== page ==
Saturday, March 22, 2014

Starting up the Rio Dulce

Posted by Scot

Coming in to the Rio Dulce from Livingston.
The first seven miles of the Rio Dulce in Guatemala was like nothing we have experienced on this boat, or any boat we have ever sailed.  Leaving the salt water estuary off Livingston, we pushed out into the current, giving Monashee her first freshwater taste of the Sweet River.

The jungle, reclaiming a boat outside Livingston.
As we slowly motored along, working our way against the gentle flow, we passed the last reminders of the busy port town of Livingston.  Old fishing boats covered in pelicans, some half sunk on the edge of the river, bade us a welcome to Guatemala.  We started to see locals paddling in their traditional dugout canoes, some enjoying the free ride as the current pushed them along, others working their way back upriver in the eddies along the banks.

Pelicans taking a break at the mouth of the Rio Dulce.
Mayans paddling downriver in their cayuco.
Quickly, the broad river mouth gave way to a spectacular gorge.  We were hemmed in on either side by vertical walls of jungle, climbing 500 feet up both banks.  Trees grew right down to the water’s edge, and even into the water, with curtains of vines hanging off of them.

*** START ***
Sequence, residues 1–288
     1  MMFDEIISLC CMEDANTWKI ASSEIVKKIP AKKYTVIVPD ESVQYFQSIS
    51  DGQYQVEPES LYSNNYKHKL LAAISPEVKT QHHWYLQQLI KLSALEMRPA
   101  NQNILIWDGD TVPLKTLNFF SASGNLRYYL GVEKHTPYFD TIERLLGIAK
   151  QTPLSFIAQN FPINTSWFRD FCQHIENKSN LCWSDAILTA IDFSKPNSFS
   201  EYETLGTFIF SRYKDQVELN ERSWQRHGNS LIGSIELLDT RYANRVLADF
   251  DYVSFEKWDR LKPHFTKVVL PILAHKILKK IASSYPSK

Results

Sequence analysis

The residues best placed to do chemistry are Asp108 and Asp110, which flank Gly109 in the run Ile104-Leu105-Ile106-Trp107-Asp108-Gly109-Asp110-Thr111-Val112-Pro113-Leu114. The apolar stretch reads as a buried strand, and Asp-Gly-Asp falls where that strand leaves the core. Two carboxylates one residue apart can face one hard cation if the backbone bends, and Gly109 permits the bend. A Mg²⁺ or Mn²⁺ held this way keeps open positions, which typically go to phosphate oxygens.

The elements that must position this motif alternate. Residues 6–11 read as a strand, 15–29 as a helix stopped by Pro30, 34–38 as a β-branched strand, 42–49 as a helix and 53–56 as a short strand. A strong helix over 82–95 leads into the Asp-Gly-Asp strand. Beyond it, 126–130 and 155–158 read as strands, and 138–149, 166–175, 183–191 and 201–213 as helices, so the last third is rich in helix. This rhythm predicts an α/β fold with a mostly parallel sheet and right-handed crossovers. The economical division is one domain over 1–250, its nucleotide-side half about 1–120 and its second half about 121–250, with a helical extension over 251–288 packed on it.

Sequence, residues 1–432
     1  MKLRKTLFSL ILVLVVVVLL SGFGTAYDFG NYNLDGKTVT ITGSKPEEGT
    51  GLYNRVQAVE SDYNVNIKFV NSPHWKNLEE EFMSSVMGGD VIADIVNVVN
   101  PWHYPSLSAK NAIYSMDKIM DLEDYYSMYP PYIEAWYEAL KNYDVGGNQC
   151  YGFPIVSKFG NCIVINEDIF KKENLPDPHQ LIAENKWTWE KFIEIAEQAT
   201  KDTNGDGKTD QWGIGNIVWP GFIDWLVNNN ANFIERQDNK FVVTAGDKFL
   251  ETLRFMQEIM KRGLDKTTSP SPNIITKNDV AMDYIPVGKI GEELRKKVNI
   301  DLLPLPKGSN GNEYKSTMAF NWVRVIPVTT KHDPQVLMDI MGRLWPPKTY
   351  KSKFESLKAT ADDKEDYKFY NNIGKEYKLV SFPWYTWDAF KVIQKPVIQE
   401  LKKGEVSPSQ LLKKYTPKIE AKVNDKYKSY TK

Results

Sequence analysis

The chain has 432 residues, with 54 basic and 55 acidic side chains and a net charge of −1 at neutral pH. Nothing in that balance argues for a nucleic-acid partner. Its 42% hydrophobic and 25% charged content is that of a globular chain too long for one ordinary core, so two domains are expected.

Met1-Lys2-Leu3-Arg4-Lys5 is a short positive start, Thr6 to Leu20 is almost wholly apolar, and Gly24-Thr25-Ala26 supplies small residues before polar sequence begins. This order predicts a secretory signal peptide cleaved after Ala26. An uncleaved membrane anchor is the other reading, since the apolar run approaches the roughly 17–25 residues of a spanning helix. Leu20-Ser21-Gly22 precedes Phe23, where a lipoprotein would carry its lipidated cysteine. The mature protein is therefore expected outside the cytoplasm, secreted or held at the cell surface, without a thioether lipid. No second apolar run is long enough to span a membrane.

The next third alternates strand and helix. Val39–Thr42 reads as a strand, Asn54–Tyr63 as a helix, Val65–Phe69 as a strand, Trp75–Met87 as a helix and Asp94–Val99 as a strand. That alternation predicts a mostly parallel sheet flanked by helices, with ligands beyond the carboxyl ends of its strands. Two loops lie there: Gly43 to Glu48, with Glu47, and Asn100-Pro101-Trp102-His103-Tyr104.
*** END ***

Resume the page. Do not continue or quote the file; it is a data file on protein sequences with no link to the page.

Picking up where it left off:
In awe at the amazing scenery as we start up the Rio.
Jungle right down to the water on both sides.
Bird life was everywhere.  The pelicans at the entrance to the river, gliding along inches above the surface, gave way to their freshwater cousins.  Beautiful white egrets sat in the trees like Christmas decorations, while swallows and butterflies flitted around the boat.

Birds were everywhere.
A view worthy of Joseph Conrad.
Periodically, boats full of tourists roared past us up and down the river.  Their speed made us glad that we had the opportunity to go slowly and enjoy the peace that descended after they passed.  We laughed at the sight of their cameras and flashes all pointing at us, as if we were one of the attractions in this magical, wild place.

For tourists on the Rio, we were part of the scenery.
Tourist boats weren’t the only ones plying the river, though.  Local Maya Indians, fished the river from hand carved dugout canoes, called cayucos.  Those that weren’t fishing paddled effortlessly on their way to run their daily errands, some with their kids in the boat.  For them, the canoe is the family car, and the river is their main street.

Looking for the afternoon catch, on the Rio Dulce.
After a breathtaking couple of hours navigating the hairpin bends and the shallows of the Rio, we came out into El Gofete, the lake above the gorge.  We turned in to Texan Bay, following two other boats who had just come downstream.  Dropping anchor in the bay, we jumped into the fresh water for a swim and a cool down.  What a welcome to Guatemala! 

Coming out of the gorge into El Golfete
Following two other boats into Texan Bay.  We didn't know it, but there was a regatta scheduled on El Golfete the next day, so there were lots of boats in Texan Bay that night.

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